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Digital Marketing , Voice of the Customer

These 4 Charts Show Why You Must Use Voice of the Customer on E-Commerce Websites

by Philippe Aussant, on Jun 21, 2017

We are living in an unprecedented era where it’s easier than ever to engage with customers. Also, it’s easier for customers to engage with brands. This two-way dialogue with customers can be a gold mine for e-commerce companies looking to improve the experience.

By engaging with website visitors for feedback, brands can get to know their visitors’ thoughts, motivations and expectations. The bottom line is that Voice of the Customer (VoC) research allows you to get in the minds of your visitors.

Here are 4 charts that show how important the voice of your customers can be when you want to find ways to optimize the experience and increase conversion for your e-commerce website.


1. See how your website experience stacks up

You can use web analytics and session replay data to make assumptions about your visitors. For example, why they are on your site, whether they considered their visit a success, and how hard they needed to work to accomplish what they wanted to do. However, only your visitors themselves can confirm this information and what they thought of the website experience, with absolute certainty.

By asking the right questions to your visitors, you can learn a great deal about specific groups of visitors, and the pain points they experienced during their visit. For example, the chart below shows an example of how VoC allows you to compare different Purpose of Visit groups (i.e. visitor intent) in terms of Task Completion, Overall Satisfaction, and the level of Effort they had to use during their visit to try and accomplish what they set out to do on the website.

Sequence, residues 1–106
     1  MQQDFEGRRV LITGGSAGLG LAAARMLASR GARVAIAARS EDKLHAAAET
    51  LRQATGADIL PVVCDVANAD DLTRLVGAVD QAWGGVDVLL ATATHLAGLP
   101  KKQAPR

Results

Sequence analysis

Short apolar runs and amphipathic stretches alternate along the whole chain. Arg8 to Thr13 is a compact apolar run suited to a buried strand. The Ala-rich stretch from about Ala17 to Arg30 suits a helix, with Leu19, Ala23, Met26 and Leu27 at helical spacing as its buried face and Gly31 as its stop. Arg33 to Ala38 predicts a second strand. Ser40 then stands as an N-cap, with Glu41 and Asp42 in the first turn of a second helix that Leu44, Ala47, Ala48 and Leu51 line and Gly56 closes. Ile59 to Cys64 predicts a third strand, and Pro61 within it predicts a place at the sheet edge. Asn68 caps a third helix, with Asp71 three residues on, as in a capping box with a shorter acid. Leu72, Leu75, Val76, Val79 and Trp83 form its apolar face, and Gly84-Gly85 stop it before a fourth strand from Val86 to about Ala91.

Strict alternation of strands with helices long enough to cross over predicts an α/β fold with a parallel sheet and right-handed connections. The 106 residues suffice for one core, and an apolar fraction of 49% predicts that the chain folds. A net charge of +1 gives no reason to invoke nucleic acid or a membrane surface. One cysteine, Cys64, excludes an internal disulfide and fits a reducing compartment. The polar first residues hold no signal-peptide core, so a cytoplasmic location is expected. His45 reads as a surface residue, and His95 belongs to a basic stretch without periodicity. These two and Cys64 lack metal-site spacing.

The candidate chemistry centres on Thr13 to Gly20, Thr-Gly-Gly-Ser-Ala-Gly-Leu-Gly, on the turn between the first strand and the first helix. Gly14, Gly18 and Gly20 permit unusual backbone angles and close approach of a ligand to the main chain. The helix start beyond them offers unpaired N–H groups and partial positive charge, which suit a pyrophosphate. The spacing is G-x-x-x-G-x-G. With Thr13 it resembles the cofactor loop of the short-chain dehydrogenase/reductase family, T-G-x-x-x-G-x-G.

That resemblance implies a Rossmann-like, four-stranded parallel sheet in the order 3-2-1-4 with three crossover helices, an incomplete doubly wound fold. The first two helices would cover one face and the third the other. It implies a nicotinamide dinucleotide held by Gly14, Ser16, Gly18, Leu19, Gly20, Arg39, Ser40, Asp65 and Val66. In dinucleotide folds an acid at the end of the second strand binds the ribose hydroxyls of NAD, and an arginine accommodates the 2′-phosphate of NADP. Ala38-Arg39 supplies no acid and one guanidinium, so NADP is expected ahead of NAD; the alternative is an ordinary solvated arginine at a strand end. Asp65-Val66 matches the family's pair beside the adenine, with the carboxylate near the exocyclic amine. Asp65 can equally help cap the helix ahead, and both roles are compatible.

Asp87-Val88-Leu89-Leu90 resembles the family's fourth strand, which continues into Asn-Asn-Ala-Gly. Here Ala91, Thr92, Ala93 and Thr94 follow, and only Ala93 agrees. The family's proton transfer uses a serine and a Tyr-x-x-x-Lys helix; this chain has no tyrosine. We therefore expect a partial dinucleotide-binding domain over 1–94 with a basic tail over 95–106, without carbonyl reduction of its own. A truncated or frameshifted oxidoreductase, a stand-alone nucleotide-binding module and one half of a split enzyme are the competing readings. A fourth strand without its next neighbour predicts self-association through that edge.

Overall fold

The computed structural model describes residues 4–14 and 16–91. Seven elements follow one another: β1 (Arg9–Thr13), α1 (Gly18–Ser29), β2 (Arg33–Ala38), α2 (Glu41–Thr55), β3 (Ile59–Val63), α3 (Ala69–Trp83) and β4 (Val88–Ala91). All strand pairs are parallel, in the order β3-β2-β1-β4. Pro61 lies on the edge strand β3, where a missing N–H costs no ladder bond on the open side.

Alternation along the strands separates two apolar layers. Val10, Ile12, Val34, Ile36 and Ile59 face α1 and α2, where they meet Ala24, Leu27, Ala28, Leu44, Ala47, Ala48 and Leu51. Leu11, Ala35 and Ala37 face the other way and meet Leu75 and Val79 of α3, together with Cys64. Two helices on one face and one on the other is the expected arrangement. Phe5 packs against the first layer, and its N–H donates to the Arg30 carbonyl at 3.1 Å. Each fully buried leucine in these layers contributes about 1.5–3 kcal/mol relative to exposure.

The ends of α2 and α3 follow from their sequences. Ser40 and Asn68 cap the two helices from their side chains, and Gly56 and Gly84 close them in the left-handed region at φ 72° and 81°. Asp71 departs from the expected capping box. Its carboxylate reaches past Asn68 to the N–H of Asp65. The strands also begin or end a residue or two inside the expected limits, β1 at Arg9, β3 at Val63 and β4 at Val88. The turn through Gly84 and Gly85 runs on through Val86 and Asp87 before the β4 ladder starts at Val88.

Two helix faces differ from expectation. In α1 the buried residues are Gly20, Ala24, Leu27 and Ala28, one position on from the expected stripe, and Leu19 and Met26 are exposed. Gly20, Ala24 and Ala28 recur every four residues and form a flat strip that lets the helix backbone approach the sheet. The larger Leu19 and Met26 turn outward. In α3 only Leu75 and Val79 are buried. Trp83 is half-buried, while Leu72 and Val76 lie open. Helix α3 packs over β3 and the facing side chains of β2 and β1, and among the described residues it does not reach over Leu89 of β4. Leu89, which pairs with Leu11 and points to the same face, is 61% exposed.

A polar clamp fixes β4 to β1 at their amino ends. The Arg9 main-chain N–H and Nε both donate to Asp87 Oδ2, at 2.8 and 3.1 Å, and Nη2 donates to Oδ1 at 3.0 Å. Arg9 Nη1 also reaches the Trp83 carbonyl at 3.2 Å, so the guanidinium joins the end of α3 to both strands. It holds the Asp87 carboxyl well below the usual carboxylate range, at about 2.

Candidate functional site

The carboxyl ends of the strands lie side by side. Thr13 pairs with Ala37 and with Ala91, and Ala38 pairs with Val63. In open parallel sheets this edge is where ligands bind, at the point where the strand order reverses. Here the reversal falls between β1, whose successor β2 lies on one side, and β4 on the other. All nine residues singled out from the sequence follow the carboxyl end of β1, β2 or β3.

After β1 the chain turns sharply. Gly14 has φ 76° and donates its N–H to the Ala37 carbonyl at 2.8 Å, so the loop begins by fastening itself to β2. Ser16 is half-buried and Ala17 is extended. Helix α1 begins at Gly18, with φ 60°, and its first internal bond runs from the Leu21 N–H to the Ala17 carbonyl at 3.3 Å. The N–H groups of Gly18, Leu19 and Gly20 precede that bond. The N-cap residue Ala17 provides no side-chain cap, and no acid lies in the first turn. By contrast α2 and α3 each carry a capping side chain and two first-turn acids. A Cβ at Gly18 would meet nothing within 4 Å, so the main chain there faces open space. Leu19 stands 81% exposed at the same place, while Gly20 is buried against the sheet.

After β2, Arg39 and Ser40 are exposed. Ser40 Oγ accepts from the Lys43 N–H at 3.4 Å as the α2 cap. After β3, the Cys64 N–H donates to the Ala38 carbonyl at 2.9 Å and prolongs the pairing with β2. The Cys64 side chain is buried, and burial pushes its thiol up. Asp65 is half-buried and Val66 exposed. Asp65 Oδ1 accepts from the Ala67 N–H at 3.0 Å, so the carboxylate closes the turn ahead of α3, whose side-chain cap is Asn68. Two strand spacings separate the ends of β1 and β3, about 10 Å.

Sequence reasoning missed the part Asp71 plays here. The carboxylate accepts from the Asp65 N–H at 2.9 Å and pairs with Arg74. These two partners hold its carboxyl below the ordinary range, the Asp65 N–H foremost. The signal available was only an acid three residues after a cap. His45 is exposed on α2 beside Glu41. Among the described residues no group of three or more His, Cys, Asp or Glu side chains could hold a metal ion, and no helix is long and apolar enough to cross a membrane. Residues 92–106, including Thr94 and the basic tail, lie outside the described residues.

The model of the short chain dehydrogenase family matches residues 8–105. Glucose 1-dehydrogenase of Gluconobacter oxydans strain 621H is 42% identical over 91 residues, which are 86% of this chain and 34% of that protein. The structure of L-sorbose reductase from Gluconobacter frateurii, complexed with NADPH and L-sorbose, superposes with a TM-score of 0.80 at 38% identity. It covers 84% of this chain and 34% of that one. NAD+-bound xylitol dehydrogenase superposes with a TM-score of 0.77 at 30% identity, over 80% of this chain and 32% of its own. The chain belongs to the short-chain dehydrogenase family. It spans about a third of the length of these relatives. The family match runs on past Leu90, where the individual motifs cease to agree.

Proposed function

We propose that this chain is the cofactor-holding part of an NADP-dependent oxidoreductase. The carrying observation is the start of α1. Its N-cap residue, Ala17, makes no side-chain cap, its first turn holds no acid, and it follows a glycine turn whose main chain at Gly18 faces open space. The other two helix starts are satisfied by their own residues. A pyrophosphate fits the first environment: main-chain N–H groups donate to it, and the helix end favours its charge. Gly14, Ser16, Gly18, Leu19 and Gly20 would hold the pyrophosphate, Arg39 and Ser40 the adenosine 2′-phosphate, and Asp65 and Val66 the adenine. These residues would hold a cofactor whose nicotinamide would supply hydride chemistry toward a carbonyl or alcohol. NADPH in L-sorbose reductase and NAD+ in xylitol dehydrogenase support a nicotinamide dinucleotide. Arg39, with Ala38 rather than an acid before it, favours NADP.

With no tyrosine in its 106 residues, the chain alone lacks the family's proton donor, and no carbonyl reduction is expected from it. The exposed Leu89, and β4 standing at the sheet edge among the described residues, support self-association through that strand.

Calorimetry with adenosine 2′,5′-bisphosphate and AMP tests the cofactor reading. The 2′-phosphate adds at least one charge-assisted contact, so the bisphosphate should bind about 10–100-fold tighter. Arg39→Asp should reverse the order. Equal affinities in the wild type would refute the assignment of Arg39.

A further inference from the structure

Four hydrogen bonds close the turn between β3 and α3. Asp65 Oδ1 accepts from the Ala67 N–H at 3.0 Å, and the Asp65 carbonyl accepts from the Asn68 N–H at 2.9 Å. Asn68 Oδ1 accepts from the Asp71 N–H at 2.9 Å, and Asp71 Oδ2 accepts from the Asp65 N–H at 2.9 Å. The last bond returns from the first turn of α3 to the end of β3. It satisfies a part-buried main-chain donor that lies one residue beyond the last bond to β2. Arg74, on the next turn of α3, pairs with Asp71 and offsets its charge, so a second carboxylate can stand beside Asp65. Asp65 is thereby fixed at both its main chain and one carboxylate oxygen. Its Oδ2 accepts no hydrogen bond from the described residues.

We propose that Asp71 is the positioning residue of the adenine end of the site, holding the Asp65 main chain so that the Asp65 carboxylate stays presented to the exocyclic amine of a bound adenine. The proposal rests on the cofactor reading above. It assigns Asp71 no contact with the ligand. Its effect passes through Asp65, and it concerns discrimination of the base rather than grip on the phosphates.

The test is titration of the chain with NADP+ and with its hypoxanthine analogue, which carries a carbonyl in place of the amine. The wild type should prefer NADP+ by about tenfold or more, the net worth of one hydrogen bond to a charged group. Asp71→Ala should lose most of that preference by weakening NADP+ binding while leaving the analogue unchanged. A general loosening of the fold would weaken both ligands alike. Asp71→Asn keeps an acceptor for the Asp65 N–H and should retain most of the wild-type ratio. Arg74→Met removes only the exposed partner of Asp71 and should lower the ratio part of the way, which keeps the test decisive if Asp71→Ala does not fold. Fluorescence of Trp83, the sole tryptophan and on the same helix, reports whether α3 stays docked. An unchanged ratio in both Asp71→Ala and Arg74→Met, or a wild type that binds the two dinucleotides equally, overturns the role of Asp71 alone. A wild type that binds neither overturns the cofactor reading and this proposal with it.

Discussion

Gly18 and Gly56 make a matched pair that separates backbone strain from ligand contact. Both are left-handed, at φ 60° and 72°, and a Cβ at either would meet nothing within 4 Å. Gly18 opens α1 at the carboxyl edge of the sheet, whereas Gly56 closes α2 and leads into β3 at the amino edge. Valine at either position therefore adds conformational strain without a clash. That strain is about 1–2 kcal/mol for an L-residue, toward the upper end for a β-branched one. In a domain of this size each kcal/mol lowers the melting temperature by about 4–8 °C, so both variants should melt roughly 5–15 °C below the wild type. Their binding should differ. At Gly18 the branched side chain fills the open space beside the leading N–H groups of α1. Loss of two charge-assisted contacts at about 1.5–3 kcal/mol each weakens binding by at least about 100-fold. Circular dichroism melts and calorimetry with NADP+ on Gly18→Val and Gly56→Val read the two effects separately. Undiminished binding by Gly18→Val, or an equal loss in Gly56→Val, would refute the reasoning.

By only asking these 4 questions, you can already get a glimpse into the mind of specific visitor groups and see how they view their website experience. Quantifying this data also provides you with a good idea of where you could hone in your research further, like determining why the visitor groups POV B and POV E rated their Level of Effort considerably higher than the other POV groups.


2. Understand why visitors didn’t make a purchase

When it comes to finding ways to optimize your website, there are few things as powerful as customer feedback, especially when it’s in open-text format. Give your visitors an empty text field, and they will let you know what they feel about different aspects of your website, in their own words.

For any e-commerce website, you always want to know more about those who primarily came to the website to make a purchase, but failed to do so during their visit. The chart below shows the results of an exercise we performed with open-ended feedback that was provided by visitors who said they were looking to buy but didn’t. At the time of this analysis, we found that the two most common reasons were being unable to find information and the availability of the products / service, with the former becoming the most common reason as time went on.